This past weekend I had the opportunity to realize one of my life goals, meeting and learning from the Viola Davis. Having the honor of working with her one day is also on my list, but for now, I celebrate and share this moment. I grew up watching Viola's stand-out performances in all of the Law & Orders and then watching her riveting and Oscar-nominated performances in The Help and Doubt, which only furthered her icon status in my eyes.
However, there is nothing more inspiring than watching her bring Annalise Keating to life every 'Thank God It's Thursday' night on, How to Get Away with Murder, Shonda Rhime's new hit show for ABC. She's strong, sexy, and intelligent, yet vulnerable, weak, and conflicted. But most of all, she's real and I see myself in her.
She fills a scene with just one look and makes choices that fearlessly pushes boundaries while giving women permission to be who they are. I don't think anyone was able to look away during her now famous 'removing of the wig' scene.
I remember thinking, “Thank you,” while watching that scene because although she was removing the physical manifestation of her strength, the wig, eyelashes, and make-up, which represented her emotional mask, to reveal her true weaknesses, she never looked more powerful than in that very moment when she was peeled back to her authentic self. It gave us permission to be who we truly are and to stand in that power when all of the masks have been removed. And for that, I am thankful.
I'm also thankful for the lessons that I learned from Viola and of course, the storyteller in me has to share them with you. I hope you find these lessons as powerful, inspiring, and humbling as I have. If so, please share with your friends and tweet, @CandyWashington, @ViolaDavis, and @ShondaRhimes. Additionally, you can visit Viola's philanthropic project to end childhood hunger here.
Lesson #1: Enough is enough.
Regarding the backlash from the controversial and now infamous, “Wrought in Rhimes’s Image -Viola Davis Plays Shonda Rhimes’s Latest Tough Heroine,” article in The New York Times, Viola simply says, “Enough is enough.” She wasn't particularly hurt by the article and even though it was poorly written, she does see how the writer was trying to make a positive statement, but it's time to move on the 'Angry Black Woman' stereotype and start focusing on the work and creating content that truly speaks to the majority of society.
She's been called everything from dark-skinned, kinky haired, and not classically beautiful. In true Viola form, she meets these potentially harmful words with grace and simply states that it's time to move on from it, and enough is enough. She quoted a writer who once said, “The reason why I write is so that people don't feel so alone.” Now it's time for TV and film to do the same and to reflect real life. Enough is enough.
Lesson #2: Be an observer of life.
Viola says that she is an observer of life and that life is vast. She takes inspiration from real people and strives to represent a large segment of society that has been marginalized. She uses what she has, who she is as her authentic self, and brings that to the character in way that is intoxicating to audiences because it is so real and raw while giving us permission to embrace who are as well.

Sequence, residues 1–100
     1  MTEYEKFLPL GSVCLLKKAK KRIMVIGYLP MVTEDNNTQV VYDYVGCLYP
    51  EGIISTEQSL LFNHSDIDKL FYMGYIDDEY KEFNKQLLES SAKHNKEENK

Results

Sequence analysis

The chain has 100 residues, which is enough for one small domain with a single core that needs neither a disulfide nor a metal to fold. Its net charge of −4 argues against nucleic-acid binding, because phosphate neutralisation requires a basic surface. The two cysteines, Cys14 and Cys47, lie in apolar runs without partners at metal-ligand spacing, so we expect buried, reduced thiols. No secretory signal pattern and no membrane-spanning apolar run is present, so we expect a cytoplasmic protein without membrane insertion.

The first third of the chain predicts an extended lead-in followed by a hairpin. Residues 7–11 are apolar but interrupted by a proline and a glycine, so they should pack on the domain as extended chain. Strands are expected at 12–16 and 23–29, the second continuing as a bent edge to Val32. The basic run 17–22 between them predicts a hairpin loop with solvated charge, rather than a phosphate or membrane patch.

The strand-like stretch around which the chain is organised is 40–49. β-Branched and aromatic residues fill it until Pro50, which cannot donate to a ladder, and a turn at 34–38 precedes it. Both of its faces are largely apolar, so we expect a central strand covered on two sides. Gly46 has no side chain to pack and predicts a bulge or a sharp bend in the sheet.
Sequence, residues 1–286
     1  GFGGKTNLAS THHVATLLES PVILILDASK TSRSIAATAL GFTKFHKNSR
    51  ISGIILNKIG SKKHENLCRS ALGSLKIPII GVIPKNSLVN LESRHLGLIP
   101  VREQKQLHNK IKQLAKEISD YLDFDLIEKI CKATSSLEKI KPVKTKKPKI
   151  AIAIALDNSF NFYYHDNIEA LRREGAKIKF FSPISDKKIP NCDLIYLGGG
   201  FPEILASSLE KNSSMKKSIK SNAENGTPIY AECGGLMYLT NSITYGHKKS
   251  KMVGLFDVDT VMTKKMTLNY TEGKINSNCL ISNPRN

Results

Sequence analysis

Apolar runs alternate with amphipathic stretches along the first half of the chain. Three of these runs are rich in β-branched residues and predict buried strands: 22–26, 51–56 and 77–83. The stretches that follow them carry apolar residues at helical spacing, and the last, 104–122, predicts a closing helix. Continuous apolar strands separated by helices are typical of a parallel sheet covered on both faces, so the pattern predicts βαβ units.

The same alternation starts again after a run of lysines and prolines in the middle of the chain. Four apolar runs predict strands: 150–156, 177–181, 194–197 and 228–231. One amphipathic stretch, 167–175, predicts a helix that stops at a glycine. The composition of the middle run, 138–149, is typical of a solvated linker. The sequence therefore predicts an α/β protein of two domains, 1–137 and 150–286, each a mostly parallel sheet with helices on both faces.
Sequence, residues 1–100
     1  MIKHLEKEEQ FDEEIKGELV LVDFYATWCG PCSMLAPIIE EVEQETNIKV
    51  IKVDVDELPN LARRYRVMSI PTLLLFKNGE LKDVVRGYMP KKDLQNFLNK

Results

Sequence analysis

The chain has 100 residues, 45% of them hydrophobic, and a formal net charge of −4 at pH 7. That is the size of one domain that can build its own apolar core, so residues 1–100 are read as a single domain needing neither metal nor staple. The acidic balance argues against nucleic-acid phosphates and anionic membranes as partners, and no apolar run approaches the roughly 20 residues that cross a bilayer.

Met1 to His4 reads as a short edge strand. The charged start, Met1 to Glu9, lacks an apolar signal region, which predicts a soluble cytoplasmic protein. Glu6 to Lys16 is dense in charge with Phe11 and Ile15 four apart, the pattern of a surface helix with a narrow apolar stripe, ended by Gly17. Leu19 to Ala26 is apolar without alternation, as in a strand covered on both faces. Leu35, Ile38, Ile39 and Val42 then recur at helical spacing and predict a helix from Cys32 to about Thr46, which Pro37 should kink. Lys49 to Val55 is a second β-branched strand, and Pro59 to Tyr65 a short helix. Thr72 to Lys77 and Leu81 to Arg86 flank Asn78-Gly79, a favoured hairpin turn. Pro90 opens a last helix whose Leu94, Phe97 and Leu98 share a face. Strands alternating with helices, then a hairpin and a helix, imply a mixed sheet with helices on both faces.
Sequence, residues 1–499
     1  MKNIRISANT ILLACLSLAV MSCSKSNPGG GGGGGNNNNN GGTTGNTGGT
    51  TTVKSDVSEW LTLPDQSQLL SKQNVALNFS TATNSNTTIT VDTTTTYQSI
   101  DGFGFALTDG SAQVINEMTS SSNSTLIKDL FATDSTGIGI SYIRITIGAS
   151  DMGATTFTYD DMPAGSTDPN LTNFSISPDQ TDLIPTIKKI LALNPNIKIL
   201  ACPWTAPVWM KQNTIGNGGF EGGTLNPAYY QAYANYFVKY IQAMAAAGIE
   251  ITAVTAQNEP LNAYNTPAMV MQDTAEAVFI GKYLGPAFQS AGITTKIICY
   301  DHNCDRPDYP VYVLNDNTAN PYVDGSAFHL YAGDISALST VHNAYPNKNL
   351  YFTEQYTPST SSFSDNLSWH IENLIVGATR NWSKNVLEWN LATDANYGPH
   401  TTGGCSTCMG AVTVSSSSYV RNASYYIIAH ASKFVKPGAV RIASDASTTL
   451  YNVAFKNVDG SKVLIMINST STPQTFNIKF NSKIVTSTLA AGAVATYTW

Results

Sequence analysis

You must think beyond the page, what can you bring to the role? She stresses not to try to be her or a Kerry Washington when you walk into the room. Know who you are and bring that.
The way she approached the character of Annalise is that she read the script and didn't buy how strong Annalise was being portrayed. She thought, “She's a liar,” because no one in real life is that strong. Brilliantly, she applies a mask of strength that Annalise wears to protect herself while displaying an equal amount of weakness and vulnerability when the walls of the mask are torn down.
This is the key to what makes her performances so engaging, because in real life, that is how people operate, we are contradictions, we are complex, we wear masks, and we possess dualities. Bringing these complex layers that exist within humanity is what makes her characters so interesting and captivating. She also noted that subtlety doesn't always fit, you have to be real. When you take off the mask, who are you at your core?
Lesson #3: If you love it, do it.
When asked about giving hope to other aspiring actors that have the potential to be great but aren't given the opportunities to showcase their talent, her guidance is that if you love it, do it. You must act and really be in love with the work and know that that is enough and that is the wave that you have to ride. The pay-off is taking the journey with the character and doing the work.
Viola said that she used ride the bus for hours just to do a play in Massachusetts and then one play led to another which led to Broadway which led to TV which led to film and so on. But mind you, she has been acting for 34 years, 26 of which professionally. She did it because she was in love with the work, regardless of any flashy pay-off. She was inspired at the age of 6 by Cicely Tyson's unforgettable performance in “The Autobiography of Miss Jane Pittman,” and said that if she could do that forever, she would be happy.
Viola also advises that the more you work, the more people will see you, and your break will come. But the break may not be stardom. You need to decide where you want to land and work fearlessly toward that goal. You could start your own acting school in your hometown, work in theater, and so on, but you must decide what your end game is and how are you going to get there.
Viola once said, “I want to be the show.” She knew where she wanted to land, and luckily for us, we get to come along for the ride.